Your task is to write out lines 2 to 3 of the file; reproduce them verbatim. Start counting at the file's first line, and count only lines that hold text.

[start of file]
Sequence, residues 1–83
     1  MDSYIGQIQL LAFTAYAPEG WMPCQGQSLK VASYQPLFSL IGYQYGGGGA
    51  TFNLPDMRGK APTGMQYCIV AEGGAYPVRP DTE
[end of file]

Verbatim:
     1  MDSYIGQIQL LAFTAYAPEG WMPCQGQSLK VASYQPLFSL IGYQYGGGGA
    51  TFNLPDMRGK APTGMQYCIV AEGGAYPVRP DTE